Hot trend with “Fixie – the seven-color horse”

Fixed Gear (Fixie), known as a bicycle without brake, is an emerging sport phenomenon among Vietnamese youth. With unique design, slender lines, eye-catching colors, has Fixie truly become a new culture in the community or just a seasonal trend?

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Fixie community usually said: “If you like formidable simplicity, Fixed Gear is the perfect vehicle for you!” Indeed, it is not easy to conquer Fixed Gear. “I was quite worried the first time I tried Fixed Gear because most people usually fall multiple times, scratch their knees and arms. Thus, you have to wear protective gloves and helmet while practicing. When you are able to control the bike, the feeling of riding on it is so refreshing. Since practicing Fixie, I feel healthier, more flexible, with a smaller waist and stable blood pressure.” – shared Vinh Nguyen, a newbie who has been practicing Fixed Gear for one year. 

Fixed Gear - Strength comes from the collective

“At first, I did not know what Fixed Gear is. I saw people riding on colorful bikes on the street. I was curious. I researched and have started riding Fixed Gear until now.” – shared Hoang Linh, a student from Hoa Sen University.

Visiting the Vietnamese Fixie community, you’ll get to witness skillful wheel-rotating performances, edgy colorful bikes and above all, a big Fixie family that always supports helps each other and shares the love for this small but full-of-surprise bike.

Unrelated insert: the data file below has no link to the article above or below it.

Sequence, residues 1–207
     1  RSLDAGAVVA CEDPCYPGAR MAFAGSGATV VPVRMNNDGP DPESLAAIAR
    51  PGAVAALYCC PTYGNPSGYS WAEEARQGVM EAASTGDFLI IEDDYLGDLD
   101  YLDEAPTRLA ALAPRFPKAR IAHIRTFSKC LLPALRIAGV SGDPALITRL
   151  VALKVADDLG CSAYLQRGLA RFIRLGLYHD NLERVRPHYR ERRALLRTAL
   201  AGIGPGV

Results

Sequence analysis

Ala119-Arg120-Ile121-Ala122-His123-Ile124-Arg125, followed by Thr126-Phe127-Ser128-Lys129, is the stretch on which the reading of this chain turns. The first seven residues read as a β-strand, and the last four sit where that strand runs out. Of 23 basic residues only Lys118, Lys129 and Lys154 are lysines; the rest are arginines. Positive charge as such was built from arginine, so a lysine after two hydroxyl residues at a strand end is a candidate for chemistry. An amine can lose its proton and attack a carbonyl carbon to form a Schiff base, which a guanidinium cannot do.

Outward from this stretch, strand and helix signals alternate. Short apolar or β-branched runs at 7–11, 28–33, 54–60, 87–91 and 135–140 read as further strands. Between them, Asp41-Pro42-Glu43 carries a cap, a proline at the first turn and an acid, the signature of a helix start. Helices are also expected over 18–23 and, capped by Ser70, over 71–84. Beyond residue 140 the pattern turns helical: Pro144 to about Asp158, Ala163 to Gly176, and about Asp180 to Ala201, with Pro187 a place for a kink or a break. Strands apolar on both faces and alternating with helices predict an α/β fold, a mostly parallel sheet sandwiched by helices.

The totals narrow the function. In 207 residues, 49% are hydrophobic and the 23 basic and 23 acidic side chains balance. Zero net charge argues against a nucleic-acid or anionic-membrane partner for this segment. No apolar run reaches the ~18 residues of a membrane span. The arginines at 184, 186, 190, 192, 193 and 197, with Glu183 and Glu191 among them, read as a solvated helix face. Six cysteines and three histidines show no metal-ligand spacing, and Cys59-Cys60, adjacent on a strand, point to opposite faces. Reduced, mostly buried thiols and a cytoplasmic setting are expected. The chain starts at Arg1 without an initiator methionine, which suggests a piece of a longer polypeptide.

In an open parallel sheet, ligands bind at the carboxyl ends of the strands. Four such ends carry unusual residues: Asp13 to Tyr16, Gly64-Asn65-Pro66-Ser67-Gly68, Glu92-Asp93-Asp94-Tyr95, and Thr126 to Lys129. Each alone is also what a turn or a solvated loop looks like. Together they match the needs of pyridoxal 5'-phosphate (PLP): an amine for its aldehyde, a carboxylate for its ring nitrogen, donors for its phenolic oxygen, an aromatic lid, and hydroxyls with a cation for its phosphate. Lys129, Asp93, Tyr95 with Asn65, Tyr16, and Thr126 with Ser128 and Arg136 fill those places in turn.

“Fixed Gear is not simply a bike. In order to fully understand and enjoy the experience, you have to get together with your friends to play, practice, and perform.” – shared Le Van Luan, the pioneer of Fixed Gear in Ho Chi Minh City. To ride brake-free bikes, you need to be brave and adventurous. “In the beginning, I felt dozens of times before getting control of the bike.” 

The disguises and the end of a movement

In some countries, a bike is only legally recognized if it has a brake system. Some countries like France even requires bike to have bells and  lights. So not all countries  legally recognize Fixed Gear.

In Vietnam, some young people make alterations on their normal bikes and call it the “no brake is the coolest” movement, causing controversies among the Fixie lovers specifically and the bike loves in general. These young people blame it on the lack of brake (which they had cut intentionally) to change directions suddenly, cut in front of cars, pass red light, etc. in an irresponsible manner. This leads to misunderstanding about a real “brake-free” bike.

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It is difficult to start the Fixed Gear phenomenon, maintaining the movement is even more challenging. Red Bull wants you to conquer this challenging journey to gradually make Fixed Gear a positive culture of Vietnamese youth community.